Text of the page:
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This page pertains to UD version 2.

Word segmentation in UD v2

The UD scheme makes a distinction between tokens, word-like elements that can be identified using simple rules, often relying (only) on whitespace and punctuation, and words, which are the linguistically relevant word units needed for morphological and syntactic analysis. In v1, it was assumed that words would never contain spaces, and that “multitoken words” should always be handled using special relations like u-dep/fixed and u-dep/goeswith. For v2, we relax this assumption in two ways:

Throughout the remainder of this text, the symbol will be used to indicate orthographic space.

Problems with current treatment of word segmentation

There are two main problems with the current treatment of word segmentation:

Spaces as syllable delimiters

There is unanimous agreement that words with spaces should be allowed in the Vietnamese treebank, because the alternative of treating all polysyllabic words as multiword expressions would artificially make Vietnamese look very different from all other languages. As far as we know, Vietnamese is the only language where this is necessary, but still all tools will need to be able to support having spaces in CoNLL-U columns. Consider the following example, “Minh is (a) teacher.”, where giáo viên is a bisyllabic word meaning “teacher”. (Currently using underscore, “giáo⎵viên”, because even the tree visualization tool cannot work with word-internal spaces.)

1	Minh	Minh	PROPN	_	_	3	nsubj	_	_
2	là	là	VERB	_	_	3	cop	_	_
3	giáo⎵viên	giáo⎵viên	NOUN	_	_	0	root	_	_
4	.	.	PUNCT	_	_	3	punct	_	_

If a language allows spaces inside words on a language-wide basis, this must be declared in the language-specific documentation.

Other cases

For the remainder of the languages, we should essentially maintain the ban on spaces in words. However, we propose that for a highly restricted closed class of orthographic phenomena, we may make exceptions (with prior approval).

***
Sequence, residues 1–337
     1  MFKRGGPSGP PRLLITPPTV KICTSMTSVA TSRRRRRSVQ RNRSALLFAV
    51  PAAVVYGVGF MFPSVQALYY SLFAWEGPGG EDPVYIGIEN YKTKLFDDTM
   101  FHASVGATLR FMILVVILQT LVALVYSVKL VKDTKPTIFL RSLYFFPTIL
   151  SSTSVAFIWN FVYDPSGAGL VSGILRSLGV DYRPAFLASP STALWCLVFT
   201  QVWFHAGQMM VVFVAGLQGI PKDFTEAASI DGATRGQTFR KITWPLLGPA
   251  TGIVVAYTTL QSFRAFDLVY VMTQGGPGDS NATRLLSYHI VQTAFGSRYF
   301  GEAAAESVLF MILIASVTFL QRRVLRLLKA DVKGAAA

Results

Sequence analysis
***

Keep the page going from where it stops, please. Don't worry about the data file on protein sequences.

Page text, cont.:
Spaces as numeral separators

In the existing French treebank, space delimited numerals, e.g. “100 000” are collapsed into a single numeral, “… de 8 500 à 20 000 euros.” becomes:

1	de	de	ADP	_	_	2	case	_	_
2	8500	8500	NUM	_	_	0	nmod	_	_
3	à	à	ADP	_	_	5	case	_	_
4	20000	20000	NUM	_	_	5	nummod	_	_
5	euros	euro	NOUN	_	Gender=Masc|Number=Plur	0	nmod	_	_

We do not see that this is an improvement over simply allowing the space, and the alternative (to have each 000 as a separate token and use goeswith or mwe) is unwieldy and does not exactly fit, e.g. writing 100 000 is not an orthographic error, but rather orthographically normative, and neither is it a fixed expression.

The new tokenisation would be:

de 8⎵500 à 20⎵000 euros \n from 8,500 to 20,000 euros

Spaces in normalising abbreviations

Spaces should be allowed in order to normalise abbreviations, in Swedish “e.g.” can be written either “t.ex.” or “t ex”

With space “t ex”:

Idrottsmateriel t_ex spikskor , kompass , kartfodral \n Sporting.goods e.⎵g. spiked.shoes , compass , map.holder

Without space “t.ex.”:

Det gäller t.ex. säsongarbetslösa byggnadsarbetare . \n This applies.to e.g. seasonally.unemployed building.workers .

Spaces between a syntactic word and a bound morpheme

In Tuvan, in some tenses, the person/number agreement is written separate from the verbal morpheme. We propose allowing these to be tokenised as one unit

Мен Кызылга чурттап турган⎵мен .  \n I Kyzyl.to living standing.am
nsubj(чурттап, Мен)
aux(чурттап, турган⎵мен)
nmod(чурттап, Кызылга)